, as far as I’m concerned,” he says. He is mourning the death of the Empire. But it isn’t dead apparently, because these reforms, this phenomenon overtaking London, is “bad for the Empire”, he goes on to say. What is bad for the Empire? The dilutio and the pollution caused by the tidal wave of diversity. He has probably read the edition of the Evening Standard from a few days ago that says “white Britons” are officially a minority in the city of London, making it the most diverse place in all of the UK. Tea and scones at Saatchi will never quite taste the same again.
Two separate occasions, the same installation. William Kentridge’s “I am not me. The horse is not mine.” Described aptly here. The title a statement from a saying, a denial of guilt. But transformed, it creates the space for speech, for the writing of fiction.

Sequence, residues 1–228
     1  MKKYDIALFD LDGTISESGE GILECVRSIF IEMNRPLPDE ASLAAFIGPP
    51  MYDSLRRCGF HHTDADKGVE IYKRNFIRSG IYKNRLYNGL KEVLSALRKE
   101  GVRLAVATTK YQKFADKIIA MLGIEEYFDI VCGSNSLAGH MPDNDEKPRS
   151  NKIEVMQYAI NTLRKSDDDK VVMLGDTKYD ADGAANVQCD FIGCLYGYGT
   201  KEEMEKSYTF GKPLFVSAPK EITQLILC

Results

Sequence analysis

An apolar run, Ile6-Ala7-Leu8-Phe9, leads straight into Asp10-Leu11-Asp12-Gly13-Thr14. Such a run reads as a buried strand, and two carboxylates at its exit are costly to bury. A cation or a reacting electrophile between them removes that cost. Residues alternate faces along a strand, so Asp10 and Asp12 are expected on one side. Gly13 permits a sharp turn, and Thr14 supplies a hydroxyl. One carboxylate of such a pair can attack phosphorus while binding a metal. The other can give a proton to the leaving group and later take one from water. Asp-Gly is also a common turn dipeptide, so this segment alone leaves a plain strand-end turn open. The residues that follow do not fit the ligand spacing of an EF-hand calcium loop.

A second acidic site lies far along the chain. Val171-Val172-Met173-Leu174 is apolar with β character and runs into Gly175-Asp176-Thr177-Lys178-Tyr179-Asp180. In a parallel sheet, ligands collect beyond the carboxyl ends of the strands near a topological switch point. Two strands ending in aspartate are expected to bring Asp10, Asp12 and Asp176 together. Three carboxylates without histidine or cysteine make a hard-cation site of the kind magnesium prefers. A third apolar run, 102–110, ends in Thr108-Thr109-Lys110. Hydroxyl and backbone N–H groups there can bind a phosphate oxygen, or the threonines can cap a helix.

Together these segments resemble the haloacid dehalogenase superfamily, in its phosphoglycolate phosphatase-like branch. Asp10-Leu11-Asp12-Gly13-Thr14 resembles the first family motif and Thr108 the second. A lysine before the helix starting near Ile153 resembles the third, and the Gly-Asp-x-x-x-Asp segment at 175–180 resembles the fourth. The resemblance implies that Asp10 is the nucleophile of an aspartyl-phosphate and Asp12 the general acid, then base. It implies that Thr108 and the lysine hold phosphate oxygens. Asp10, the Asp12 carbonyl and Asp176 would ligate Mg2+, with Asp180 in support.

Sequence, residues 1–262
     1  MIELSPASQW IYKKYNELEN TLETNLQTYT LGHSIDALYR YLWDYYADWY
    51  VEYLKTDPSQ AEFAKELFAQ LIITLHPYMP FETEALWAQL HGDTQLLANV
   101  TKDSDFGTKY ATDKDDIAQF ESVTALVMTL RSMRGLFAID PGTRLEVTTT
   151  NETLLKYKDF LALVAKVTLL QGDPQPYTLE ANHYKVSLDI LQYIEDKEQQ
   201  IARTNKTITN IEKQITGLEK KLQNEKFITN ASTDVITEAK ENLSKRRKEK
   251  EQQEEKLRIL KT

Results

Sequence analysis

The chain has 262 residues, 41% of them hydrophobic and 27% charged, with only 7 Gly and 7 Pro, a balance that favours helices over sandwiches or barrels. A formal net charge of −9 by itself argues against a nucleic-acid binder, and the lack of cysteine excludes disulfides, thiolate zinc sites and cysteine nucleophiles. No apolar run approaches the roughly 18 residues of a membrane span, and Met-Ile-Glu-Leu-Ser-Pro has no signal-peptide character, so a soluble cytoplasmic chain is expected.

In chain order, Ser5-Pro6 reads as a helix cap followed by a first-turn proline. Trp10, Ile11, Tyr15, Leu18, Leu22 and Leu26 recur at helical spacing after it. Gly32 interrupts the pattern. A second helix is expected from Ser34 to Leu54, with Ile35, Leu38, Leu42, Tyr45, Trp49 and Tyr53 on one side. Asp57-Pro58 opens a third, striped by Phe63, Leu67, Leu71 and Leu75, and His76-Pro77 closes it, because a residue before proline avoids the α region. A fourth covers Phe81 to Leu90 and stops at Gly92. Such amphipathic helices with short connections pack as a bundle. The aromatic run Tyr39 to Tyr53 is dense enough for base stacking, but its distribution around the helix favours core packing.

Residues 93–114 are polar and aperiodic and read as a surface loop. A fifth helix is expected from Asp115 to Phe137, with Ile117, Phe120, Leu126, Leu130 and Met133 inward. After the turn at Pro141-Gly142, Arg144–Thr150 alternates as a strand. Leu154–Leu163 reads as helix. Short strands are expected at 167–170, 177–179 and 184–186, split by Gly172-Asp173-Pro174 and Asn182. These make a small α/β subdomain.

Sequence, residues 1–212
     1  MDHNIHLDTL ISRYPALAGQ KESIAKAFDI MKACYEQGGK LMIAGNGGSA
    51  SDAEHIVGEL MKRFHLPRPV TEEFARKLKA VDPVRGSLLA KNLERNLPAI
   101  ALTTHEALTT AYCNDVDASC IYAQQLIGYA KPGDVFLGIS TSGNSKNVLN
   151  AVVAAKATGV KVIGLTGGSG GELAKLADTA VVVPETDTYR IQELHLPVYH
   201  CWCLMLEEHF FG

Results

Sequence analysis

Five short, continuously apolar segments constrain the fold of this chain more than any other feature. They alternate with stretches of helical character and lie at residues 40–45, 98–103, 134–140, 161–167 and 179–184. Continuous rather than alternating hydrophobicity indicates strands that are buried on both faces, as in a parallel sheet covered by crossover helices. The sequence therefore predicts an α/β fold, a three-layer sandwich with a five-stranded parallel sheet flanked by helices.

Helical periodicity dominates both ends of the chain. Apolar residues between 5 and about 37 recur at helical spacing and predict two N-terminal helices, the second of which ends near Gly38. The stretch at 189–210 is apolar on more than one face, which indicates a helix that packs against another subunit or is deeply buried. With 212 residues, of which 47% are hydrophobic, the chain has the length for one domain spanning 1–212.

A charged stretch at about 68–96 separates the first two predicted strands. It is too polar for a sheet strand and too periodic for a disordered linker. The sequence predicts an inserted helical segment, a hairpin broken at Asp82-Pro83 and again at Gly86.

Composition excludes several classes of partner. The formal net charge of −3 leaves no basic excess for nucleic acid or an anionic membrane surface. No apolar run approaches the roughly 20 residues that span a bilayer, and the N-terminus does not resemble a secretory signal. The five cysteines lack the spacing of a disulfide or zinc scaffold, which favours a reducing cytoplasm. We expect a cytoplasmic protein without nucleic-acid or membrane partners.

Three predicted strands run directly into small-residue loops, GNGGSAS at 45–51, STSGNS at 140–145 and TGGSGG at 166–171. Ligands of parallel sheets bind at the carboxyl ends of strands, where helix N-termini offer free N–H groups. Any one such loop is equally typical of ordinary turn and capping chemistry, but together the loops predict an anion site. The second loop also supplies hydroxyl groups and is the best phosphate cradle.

8 screens of animated films (all except one, that is, which is only white typed text on black) with musical accompaniement that is a melange of a rousing classical score, the brisk syncopation of a marching band and sudden crashes of symbols or comic trumpeting that segues into a South African choir’s lilting song.
Kentridge’s installation is still an immersive, compelling experience. Absurdity to your left and right.
One screen projecting a wildly dancing Soviet-era colonel and the other, a nose that abandons the man it belongs to, refusing to be joined back as it is of a higher rank than the man. This is how Kentridge describes his animated rendition of a work of fiction by Gogol called ‘The Nose’: “A man wakes up one morning and finds his nose gone. He attempts to track it down through the streets of his city, going to the police, placing newspaper advertisements for its return, seeking medical advice. When he does meet his nose (in a cathedral) he realises t